Drimys winteri

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Noun1.Drimys winteri - South American evergreen tree yielding winter's bark and a light soft wood similar to basswood
Drimys, genus Drimys - shrubs and trees of southern hemisphere having aromatic foliage
tree - a tall perennial woody plant having a main trunk and branches forming a distinct elevated crown; includes both gymnosperms and angiosperms
winter's bark - aromatic bark having tonic and stimulant properties
Based on WordNet 3.0, Farlex clipart collection. © 2003-2012 Princeton University, Farlex Inc.
References in periodicals archive ?
One of the more unusual varieties can be found in the lower garden, the winter's bark, Drimys winteri. Its leaves are high in Vitamin C and were once eaten to prevent scurvy.
(1998) found experimental removal of occlusions (referred to as plugs) in leaves of Drimys winteri, a tree of wet forests, resulted in lower water loss than otherwise occurred.
Zapata and Smagghe [88] demonstrated that the [LC.sub.50] after 24h of Laurelia sempervirens (Monimiaceae) and Drimys winteri (Winteraceae) EOs against T.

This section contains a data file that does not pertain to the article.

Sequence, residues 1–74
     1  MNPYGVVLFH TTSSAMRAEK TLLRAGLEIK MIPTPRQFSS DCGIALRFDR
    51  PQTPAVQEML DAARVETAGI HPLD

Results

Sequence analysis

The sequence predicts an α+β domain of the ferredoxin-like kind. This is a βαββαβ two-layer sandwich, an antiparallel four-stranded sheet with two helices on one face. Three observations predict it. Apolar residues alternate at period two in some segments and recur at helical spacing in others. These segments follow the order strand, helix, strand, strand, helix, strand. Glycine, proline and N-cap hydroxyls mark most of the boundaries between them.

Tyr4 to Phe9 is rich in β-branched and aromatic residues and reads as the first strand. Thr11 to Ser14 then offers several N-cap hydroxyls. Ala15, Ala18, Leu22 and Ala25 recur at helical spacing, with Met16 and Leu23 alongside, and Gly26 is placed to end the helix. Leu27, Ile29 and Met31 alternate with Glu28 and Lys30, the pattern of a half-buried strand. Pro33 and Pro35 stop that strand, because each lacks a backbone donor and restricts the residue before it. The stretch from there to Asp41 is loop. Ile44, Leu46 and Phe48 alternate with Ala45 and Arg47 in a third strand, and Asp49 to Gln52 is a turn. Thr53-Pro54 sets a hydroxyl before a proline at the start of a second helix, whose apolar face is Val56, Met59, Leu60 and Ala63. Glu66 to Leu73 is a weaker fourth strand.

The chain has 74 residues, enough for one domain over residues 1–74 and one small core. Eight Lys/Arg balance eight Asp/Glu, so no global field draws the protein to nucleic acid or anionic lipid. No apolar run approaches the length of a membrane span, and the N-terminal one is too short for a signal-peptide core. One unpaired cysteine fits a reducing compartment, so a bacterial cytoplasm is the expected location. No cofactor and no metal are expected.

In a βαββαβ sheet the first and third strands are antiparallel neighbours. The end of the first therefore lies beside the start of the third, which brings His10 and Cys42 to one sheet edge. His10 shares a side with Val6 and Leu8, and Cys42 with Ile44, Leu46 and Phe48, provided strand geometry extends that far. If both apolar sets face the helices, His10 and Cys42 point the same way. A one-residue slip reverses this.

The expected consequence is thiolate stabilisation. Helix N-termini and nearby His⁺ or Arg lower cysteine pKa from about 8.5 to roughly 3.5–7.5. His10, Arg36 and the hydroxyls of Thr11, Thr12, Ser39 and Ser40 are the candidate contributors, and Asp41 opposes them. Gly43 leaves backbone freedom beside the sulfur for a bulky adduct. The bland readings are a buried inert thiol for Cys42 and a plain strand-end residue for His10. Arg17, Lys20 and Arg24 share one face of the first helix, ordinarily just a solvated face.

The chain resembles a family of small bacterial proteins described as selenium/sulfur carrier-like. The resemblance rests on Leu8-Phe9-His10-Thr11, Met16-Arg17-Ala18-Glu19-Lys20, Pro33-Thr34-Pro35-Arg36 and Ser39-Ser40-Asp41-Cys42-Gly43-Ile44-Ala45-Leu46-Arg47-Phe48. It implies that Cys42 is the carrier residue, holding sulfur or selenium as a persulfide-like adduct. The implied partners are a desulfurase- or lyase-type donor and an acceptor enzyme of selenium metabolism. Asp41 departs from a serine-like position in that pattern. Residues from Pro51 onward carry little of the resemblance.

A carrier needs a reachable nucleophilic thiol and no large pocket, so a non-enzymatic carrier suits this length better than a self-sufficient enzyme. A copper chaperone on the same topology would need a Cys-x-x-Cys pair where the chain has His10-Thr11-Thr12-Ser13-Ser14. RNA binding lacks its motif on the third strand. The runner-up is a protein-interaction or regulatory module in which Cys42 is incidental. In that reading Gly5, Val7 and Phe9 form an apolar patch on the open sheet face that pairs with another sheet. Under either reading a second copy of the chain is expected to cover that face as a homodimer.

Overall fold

The effects of the essential oil and hydrolate of canelo (Drimys winteri) on adults of Aegorhinus superciliosus in the laboratory.
Based on the results of our group, some metabolites from Cestrum parqui (Lamarck) L'Heritier (Solanaceae) and Drimys winteri J.
My final selection is Winter's Bark, Drimys winteri. It takes its name from Captain John Winter, an officer who set off with Sir Francis Drake on his circumnavigation voyage, and it was he who first discovered the tree's medicinal qualities.
*Co: Coihue (Nothofagus dombeyi), Ra: Rauli (Nothofagus alpina), Te: Tepa (Laureliopsis philippiana), Ro: Roble (Nothofagus obliqua), Ca: Canelo (Drimys winteri), Myrt: Myrtaceae.
(5) Polygodial is a component also of various other plants found throughout the world, including Persicaria hydropiper (water pepper), a popular spice in traditional Japanese cuisine (6) and in the bark of the South American tree Drimys winteri (Winters Bark), used by the British sailor John Winter in the 16th century and later by Captain James Cook and his crew in the South Pacific, to treat scurvy.
"El laurel, el folle (canelo, Drimys winteri), los arboles son como las personas, nuestros hijos", senala un residente de Milleuco.